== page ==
Supertanker crew aim to sue over hostage ordeal
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Four former crew on the South Korean supertanker Samho Dream are planning to seek compensation in Hong Kong's Admiralty Court for the emotional trauma of being held hostage after the ship was hijacked and held by Somali pirates for seven months in 2010.
Industry experts said this was only the second time the crew of a ship held captive by pirates had tried to claim compensation and damages for the mental anguish of their ordeal.
The Reverend Stephen Miller from the Mission to Seafarers, and Bjorn Hojgaard, chief executive of Univan Ship Management, said the other case involved nine crew on the Maersk Alabama who filed a claim in a US court last month. The Maersk Alabama was attacked and hijacked by pirates in 2009, although the crew were able to regain control of ship.
Admiralty judge Mr Justice Anselmo Reyes yesterday gave the four South Korean seamen 28 days to file a claim, after rejecting a request by their barrister, Harry Liu, for two months because he said they needed to be contacted in South Korea. The crew had already had more than 45 days to pursue their case after the Samho Dream was sold at auction in Hong Kong for US$28.9 million in January, and the 'court expected ... a kind of alacrity', the judge said.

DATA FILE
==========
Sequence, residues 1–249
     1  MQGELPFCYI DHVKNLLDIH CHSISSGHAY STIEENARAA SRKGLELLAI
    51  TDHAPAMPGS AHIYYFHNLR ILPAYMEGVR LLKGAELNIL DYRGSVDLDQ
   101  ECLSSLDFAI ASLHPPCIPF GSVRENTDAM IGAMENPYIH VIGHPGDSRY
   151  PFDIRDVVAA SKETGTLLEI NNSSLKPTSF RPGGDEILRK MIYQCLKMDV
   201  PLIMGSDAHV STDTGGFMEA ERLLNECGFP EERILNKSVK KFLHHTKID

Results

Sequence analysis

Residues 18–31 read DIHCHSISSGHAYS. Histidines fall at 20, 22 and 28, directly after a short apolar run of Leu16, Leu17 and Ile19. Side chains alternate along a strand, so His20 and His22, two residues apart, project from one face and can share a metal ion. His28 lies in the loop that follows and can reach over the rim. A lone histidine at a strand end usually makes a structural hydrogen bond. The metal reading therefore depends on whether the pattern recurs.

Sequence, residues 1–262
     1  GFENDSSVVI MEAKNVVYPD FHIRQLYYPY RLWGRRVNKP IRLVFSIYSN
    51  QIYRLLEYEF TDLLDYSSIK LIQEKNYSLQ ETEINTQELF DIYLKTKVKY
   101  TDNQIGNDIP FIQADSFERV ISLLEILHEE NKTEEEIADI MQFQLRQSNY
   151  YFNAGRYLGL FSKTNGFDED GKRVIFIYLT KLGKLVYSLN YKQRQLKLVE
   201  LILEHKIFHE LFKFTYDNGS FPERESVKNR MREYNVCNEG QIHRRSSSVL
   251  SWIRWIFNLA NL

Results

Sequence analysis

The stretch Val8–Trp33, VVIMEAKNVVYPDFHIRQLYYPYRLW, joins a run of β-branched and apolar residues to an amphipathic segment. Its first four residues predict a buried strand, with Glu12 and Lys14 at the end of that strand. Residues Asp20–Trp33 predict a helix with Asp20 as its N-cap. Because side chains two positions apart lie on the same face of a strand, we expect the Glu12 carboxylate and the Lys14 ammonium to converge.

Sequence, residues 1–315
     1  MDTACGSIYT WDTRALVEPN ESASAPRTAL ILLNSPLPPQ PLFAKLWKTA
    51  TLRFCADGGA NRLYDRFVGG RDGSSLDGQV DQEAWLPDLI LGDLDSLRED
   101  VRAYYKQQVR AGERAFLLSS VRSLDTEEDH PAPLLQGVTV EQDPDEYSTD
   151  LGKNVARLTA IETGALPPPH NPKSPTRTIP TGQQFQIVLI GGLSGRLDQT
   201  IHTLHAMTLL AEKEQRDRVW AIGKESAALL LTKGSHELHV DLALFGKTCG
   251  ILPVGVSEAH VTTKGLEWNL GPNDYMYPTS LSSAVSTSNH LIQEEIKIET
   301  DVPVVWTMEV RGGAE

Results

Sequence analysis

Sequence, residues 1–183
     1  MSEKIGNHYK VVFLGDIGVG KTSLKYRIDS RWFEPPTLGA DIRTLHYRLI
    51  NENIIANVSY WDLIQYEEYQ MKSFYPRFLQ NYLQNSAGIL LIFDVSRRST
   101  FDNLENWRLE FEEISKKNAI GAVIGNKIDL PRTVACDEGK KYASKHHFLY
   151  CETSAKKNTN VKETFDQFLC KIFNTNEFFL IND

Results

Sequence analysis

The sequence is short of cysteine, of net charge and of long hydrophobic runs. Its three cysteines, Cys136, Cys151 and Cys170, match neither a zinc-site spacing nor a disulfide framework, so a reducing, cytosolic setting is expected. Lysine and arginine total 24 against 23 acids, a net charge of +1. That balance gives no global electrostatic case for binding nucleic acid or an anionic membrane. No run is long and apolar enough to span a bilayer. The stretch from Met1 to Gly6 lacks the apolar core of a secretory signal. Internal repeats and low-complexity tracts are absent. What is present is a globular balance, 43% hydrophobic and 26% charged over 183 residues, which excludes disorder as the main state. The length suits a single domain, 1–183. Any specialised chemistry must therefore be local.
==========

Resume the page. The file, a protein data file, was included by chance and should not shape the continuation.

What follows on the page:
The judge also ruled the court should retain US$2 million of the tanker's sale proceeds to cover any compensation payment to the crew.
The balance of the cash, less bailiff's and legal costs, will be used to help repay a US$120 million loan from a syndicate led by Shinhan Bank that was obtained by South Korea's Samho Shipping when it paid US$137.5 million to buy the tanker in early 2008. Samho Shipping, which is in bankruptcy protection, owed more than US$67 million on the mortgage, according to an earlier Admiralty Court hearing.
The 319,360-deadweight-tonne tanker was hijacked in April 2010 on a voyage transporting crude oil from Iraq to the United States. The ship was released in November the same year after Samho Shipping paid a near-record US$9.5 million ransom for the tanker and crew. The shipping company subsequently ran into financial problems, partly as a result of paying such a huge ransom, and the Samho Dream was arrested in Hong Kong in October by lawyers representing Shinhan Bank.